Searching in a binary tree is a very simple step, as we have already discussed traversing a binary tree, so we can use the traversing technique to get all the elements in a tree and and find our required element. Here we are using preorder traversal, you guys can use anyone of them.

   def PrintTree(self,element):

        if self.left:
            self.left.PrintTree()
        if(self.data==element):
            print("Found",self.data)
            return(1)
        else:
            continue
        if self.right:
            self.right.PrintTree()

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Deletion operation
Deleting a element from the binary tree


def delete_Node(root, key):
    if not root: 
        return root
    if root.val > key: 
        root.left = delete_Node(root.left, key)
    elif root.val < key: 
        root.right= delete_Node(root.right, key)
    else: 
        if not root.right:
            return root.left
        if not root.left:
            return root.right
        temp_val = root.right
        mini_val = temp_val.val
        while temp_val.left:
            temp_val = temp_val.left
            mini_val = temp_val.val
        root.right = deleteNode(root.right,root.val)
    return root


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Explanation

The above programs explain the procedure to delete a particular element from the given binary tree. Here root represents the root node and key represents the element that needs to be deleted or has been ordered by the user.

Graph traversals techniques
Graphs are very useful data structures in solving many important mathematical challenges.

Depth First Traversal
Also called depth first search (DFS),this algorithm traverses a graph in a depth ward motion and uses a stack to remember to get the next vertex to start a search, when a dead end occurs in any iteration. We implement DFS for a graph in python using the set data types as they provide the required functionalities to keep track of visited and unvisited nodes.

class graph:
   def __init__(self,gdict=None):
      if gdict is None:
         gdict = {}
      self.gdict = gdict
# Check for the visisted and unvisited nodes
def dfs(graph, start, visited = None):
   if visited is None:
      visited = set()
   visited.add(start)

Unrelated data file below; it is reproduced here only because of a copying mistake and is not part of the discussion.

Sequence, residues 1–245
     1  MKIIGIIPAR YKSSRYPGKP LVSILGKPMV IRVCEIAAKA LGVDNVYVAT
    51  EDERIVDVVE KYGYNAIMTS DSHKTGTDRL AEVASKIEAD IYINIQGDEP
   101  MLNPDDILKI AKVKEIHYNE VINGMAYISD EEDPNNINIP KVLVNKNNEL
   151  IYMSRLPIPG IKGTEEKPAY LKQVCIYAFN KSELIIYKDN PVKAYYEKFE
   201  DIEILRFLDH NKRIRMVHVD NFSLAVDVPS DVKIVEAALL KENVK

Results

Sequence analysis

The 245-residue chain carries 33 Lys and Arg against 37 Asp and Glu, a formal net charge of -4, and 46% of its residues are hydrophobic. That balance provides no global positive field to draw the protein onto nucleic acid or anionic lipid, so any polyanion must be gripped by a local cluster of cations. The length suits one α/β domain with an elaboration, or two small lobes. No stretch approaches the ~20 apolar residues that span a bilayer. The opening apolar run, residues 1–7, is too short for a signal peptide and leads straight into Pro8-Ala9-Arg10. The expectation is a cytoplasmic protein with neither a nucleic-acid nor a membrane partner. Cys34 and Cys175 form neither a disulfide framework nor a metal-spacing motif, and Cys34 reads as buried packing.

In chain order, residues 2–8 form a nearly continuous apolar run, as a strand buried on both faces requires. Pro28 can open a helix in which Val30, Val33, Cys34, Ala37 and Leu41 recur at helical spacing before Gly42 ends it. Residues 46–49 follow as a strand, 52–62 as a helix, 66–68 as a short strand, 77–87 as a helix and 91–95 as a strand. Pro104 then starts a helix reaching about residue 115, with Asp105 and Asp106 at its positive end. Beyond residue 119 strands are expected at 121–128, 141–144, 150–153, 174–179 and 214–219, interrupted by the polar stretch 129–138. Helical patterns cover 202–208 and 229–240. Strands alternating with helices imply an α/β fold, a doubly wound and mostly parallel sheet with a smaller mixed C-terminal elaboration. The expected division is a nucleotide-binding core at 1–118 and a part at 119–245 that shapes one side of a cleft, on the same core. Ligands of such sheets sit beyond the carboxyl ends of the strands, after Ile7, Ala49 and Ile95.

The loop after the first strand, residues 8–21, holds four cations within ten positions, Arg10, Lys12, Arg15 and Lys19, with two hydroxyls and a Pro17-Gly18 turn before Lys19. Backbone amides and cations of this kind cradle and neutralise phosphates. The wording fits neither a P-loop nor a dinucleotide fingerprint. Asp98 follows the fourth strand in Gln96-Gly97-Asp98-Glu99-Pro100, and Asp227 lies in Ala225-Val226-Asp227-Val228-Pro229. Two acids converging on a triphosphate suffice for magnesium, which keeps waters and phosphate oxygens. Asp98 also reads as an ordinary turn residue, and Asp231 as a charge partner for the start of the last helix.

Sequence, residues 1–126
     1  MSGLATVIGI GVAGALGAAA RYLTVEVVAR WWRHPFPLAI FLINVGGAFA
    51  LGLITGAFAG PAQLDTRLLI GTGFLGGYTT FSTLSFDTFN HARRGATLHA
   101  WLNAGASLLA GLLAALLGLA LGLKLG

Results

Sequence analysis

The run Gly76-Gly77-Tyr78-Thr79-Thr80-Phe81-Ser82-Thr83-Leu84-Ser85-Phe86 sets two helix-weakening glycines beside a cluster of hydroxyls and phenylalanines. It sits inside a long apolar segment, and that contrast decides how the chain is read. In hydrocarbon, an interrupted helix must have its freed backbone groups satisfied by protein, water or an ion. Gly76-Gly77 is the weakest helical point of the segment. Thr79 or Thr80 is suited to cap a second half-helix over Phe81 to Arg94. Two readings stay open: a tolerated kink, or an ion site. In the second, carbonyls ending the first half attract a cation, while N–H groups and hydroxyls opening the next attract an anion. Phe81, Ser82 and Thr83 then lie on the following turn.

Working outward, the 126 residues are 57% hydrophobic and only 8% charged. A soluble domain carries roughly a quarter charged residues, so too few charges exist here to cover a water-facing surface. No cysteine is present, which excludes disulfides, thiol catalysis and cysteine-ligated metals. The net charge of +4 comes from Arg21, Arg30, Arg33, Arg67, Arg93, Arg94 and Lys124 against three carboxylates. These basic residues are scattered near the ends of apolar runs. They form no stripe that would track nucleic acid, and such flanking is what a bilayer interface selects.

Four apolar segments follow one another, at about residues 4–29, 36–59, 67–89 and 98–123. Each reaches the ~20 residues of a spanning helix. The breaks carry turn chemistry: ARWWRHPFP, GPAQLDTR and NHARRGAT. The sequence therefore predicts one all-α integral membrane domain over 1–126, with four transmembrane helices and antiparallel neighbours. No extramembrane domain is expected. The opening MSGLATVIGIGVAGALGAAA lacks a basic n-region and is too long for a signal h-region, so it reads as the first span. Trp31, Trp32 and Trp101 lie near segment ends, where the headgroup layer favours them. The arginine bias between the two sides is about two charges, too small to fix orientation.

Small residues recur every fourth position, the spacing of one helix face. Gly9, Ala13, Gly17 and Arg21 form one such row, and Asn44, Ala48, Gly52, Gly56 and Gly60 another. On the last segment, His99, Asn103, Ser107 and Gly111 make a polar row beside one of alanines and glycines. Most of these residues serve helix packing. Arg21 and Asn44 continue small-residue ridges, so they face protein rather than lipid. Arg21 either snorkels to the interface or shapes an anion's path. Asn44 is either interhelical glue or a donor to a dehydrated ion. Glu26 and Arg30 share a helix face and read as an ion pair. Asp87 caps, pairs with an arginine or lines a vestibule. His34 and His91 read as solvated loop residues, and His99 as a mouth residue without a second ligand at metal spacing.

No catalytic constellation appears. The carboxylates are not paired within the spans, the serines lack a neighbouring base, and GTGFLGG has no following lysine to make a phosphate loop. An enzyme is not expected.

print(start)
   for next in graph[start] - visited:
      dfs(graph, next, visited)
   return visited

gdict = { 
   "a" : set(["b","c"]),
   "b" : set(["a", "d"]),
   "c" : set(["a", "d"]),
   "d" : set(["e"]),
   "e" : set(["a"])
}
dfs(gdict, 'a')

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Breadth First Traversal
Also called breadth first search (BFS),this algorithm traverses a graph breadth ward motion and uses a queue to remember to get the next vertex to start a search, when a dead end occurs in any iteration. Please visit this link in our website to understand the details of BFS steps for a graph.

We implement BFS for a graph in python using queue data structure discussed earlier. When we keep visiting the adjacent unvisited nodes and keep adding it to the queue. Then we start dequeue only the node which is left with no unvisited nodes. We stop the program when there is no next adjacent node to be visited.

Example

import collections
class graph:
   def __init__(self,gdict=None):
      if gdict is None:
         gdict = {}
      self.gdict = gdict
def bfs(graph, startnode):
# Track the visited and unvisited nodes using queue
   seen, queue = set([startnode]), collections.deque([startnode])
   while queue:
      vertex = queue.popleft()
      marked(vertex)
      for node in graph[vertex]:
         if node not in seen:
            seen.add(node)
            queue.append(node)

def marked(n):
   print(n)

# The graph dictionary
gdict = { 
   "a" : set(["b","c"]),
   "b" : set(["a", "d"]),
   "c" : set(["a", "d"]),
   "d" : set(["e"]),
   "e" : set(["a"])
}
bfs(gdict, "a")

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Implementation of sorting Algorithms
Sorting is defined as an arrangement of data in a certain order. Sorting techniques are used to arrange data(mostly numerical) in an ascending or descending order.